Journalist Kate Waters gets the heads up that two young girls have gone missing over in Thailand. They’re supposed to be on the trip of their lives after high school, before getting on with the rest of their lives. It has been meticulously planned and facebook and social media and texting allow the girls to check in every day. When a few days go by with no word, when the girls were supposed to contact their parents to open their school results and their social media has gone dead, the alarm is raised.

This brings in Detective Bob Sparkes and he and Kate have always had quite an amicable working relationship. Kate perhaps feels attached to this case because her own son has dropped out of Uni and disappeared to the other side of the world (Thailand also, to be exact) to ‘find himself’. They hear from him rarely and I think this sort of thing is Kate’s worst nightmare. And something she probably this about every day.

This escalates from a missing person case where mostly people are trying to reassure the parents that kids do this all the time. They get distracted, forget to update their social media. Probably just took off somewhere on an adventure and forgot to inform anyone. And that is probably something that might’ve been the case years ago but in this day of social media where you can basically update your life in real time and communicate with anyone, anywhere in the world in seconds, it’s more difficult to believe. There aren’t too many places you can’t get wifi these days and even remote places in Thailand provide the perfect instagram opportunities. The reality of the girls’ disappearance is far grimmer.

There’s a large portion of this book devoted to the Thai police’s deliberate incompetence in an investigation which results in the UK having to step in and basically take over and start everything from scratch. This just delays everything, means that crucial evidence is probably lost and gives the parents of the girls even more distress. It seems like the Thai police are bought and paid for and they’re willing to write off foreigners as easy come, easy go. Without the dedication of Kate Waters (who ends up personally connected to the case when it seems as though her son may be involved somehow) and Bob Sparkes, it seems as though the parents would never have gotten the answers they needed to help.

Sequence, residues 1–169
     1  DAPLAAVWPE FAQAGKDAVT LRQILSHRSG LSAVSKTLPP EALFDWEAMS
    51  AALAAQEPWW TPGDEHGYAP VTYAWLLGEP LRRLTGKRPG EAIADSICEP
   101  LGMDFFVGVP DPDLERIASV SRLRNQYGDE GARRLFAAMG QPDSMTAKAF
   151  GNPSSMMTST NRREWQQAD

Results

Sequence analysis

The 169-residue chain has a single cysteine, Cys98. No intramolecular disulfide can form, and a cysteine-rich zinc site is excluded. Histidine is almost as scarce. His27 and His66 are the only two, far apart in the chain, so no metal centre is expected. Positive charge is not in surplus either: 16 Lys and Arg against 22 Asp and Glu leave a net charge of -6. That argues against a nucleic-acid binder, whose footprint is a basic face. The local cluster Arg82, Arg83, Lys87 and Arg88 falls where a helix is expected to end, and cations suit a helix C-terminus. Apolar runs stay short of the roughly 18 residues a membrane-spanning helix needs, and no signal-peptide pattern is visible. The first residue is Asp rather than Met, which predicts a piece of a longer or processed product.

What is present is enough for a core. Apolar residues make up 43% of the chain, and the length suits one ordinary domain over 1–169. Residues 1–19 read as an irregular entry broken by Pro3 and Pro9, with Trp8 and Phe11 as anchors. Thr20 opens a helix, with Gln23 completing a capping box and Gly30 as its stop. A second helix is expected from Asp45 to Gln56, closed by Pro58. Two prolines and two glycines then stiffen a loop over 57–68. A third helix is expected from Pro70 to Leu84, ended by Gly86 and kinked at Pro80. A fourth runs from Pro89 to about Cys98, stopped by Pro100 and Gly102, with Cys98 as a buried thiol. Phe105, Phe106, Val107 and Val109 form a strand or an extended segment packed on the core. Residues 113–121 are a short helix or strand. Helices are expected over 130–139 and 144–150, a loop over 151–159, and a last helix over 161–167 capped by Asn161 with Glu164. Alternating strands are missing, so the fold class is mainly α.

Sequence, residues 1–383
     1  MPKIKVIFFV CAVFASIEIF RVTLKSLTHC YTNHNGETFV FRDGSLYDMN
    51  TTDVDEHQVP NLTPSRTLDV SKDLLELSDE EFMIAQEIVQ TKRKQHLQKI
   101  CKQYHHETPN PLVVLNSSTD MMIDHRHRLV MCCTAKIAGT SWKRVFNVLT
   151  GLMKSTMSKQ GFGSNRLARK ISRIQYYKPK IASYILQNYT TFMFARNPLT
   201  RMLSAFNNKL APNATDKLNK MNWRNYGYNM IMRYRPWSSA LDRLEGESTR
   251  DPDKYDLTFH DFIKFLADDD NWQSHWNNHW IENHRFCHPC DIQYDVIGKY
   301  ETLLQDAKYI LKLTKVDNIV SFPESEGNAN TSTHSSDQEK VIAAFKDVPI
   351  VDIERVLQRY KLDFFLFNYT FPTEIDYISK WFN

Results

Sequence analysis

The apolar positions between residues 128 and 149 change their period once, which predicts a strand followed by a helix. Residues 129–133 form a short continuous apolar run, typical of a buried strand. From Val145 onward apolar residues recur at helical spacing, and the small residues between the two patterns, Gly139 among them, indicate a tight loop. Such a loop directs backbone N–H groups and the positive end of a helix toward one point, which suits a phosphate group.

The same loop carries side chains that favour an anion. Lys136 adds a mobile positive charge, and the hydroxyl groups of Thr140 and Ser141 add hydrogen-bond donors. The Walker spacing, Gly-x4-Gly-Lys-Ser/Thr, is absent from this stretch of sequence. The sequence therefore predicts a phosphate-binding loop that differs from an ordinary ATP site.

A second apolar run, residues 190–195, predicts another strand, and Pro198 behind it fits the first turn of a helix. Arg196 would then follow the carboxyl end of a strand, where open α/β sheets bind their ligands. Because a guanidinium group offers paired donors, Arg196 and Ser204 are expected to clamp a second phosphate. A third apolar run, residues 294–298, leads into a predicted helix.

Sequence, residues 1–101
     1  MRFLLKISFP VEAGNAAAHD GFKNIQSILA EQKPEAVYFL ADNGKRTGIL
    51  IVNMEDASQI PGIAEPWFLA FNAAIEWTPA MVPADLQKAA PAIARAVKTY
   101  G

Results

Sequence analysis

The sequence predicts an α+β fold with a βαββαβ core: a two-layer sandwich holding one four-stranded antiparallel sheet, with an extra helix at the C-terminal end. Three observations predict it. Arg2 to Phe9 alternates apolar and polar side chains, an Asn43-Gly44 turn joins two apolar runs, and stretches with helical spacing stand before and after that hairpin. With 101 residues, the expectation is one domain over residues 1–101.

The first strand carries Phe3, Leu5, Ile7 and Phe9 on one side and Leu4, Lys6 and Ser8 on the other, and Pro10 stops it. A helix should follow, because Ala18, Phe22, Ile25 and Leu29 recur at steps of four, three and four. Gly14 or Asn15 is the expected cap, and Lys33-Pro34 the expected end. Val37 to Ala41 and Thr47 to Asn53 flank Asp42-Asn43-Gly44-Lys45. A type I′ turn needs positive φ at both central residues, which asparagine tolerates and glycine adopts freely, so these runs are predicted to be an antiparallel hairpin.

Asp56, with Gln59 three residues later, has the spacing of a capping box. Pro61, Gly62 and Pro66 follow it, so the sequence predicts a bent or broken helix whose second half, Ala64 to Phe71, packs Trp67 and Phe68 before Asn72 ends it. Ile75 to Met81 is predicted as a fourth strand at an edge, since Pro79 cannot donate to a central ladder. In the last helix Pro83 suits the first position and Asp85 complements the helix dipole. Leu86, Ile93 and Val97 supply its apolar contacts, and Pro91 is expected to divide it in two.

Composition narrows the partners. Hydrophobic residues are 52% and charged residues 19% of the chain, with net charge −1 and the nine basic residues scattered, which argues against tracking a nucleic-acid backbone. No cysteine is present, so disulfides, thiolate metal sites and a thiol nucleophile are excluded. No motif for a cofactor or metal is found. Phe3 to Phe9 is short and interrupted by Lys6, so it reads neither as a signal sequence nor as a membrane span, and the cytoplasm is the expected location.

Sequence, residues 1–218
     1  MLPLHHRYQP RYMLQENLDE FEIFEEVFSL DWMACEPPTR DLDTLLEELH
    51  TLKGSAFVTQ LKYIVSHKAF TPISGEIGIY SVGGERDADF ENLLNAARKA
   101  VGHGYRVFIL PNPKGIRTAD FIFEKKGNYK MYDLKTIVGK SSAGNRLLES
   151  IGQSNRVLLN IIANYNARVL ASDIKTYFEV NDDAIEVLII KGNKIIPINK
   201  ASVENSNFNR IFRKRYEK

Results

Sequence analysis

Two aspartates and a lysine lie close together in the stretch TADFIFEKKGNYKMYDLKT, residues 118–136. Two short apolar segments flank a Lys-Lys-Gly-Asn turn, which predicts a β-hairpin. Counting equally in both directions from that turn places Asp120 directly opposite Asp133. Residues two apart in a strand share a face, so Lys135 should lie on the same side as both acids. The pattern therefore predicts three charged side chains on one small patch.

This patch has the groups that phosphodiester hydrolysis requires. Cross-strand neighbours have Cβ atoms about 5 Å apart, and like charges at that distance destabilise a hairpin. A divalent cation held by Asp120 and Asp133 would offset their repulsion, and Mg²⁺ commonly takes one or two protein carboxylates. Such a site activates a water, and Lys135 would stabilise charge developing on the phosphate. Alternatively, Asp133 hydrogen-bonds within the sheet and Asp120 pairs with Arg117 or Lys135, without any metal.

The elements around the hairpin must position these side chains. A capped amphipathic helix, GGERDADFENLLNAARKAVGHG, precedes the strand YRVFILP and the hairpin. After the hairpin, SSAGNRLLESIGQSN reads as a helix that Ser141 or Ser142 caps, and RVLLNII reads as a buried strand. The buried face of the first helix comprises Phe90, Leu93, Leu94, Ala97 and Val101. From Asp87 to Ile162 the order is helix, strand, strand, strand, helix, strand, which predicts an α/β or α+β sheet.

Which makes me wonder how often something does go wrong overseas for travellers and how it might just be easier to write it off as an accident or this or that and close the case, rather than highlight the dangers of travelling to what is a highly popular tourist area. Lots of people go to Thailand from all over the world – it’s famously cheap, there are many beautiful beaches and there’s also a lot of interesting cultural stuff as well.

Kate is a journalist who becomes the story in this and I found that part to be very well done. Because of her experience, she’s able to recognise the tricks her colleagues are pulling on her in order to get her comfortable and try and get the story. She suddenly gets to experience what it’s like to be relentlessly door knocked and having people invading her privacy and printing things about her family. Digging into her son’s past – in fact they dig up things about her son that Kate and her husband don’t even know. They’re forced to recognise that much of what he’s told them has been a lie and they really have no idea what he’s been up to the entire time he’s been overseas. Likewise much is made of the ‘social media life’ – where you can make everything look perfect, portray that you are having a fabulous time, that everything is amazing so that all the people at home are envious and don’t realise that the reality can actually be very different. This is what happens with the two girls – because one of them has so many #livingthelife posts, her parents don’t realise that things are going wrong until she completely disappears. It takes time to gather the information they need, because no teen on holiday ever tells their parents what’s really going on!

I really enjoyed this, especially the multiple view points. I felt that way of telling it gave such a good overall picture and the reader was never really left waiting for other characters to finally stumble on things. I also liked the swerve and the way in which Kate was forced to examine her career and what it’s like to be on the other side of a press barrage. I appreciated her professional relationship with DS Sparkes and how that was tested once it became clear that Kate’s son was somehow connected but also how they worked through it, both realising that their jobs are somewhat easier when they cooperate, trade information and work together respectfully.

I honestly need to keep better track of this series! Time to go back and read The Child.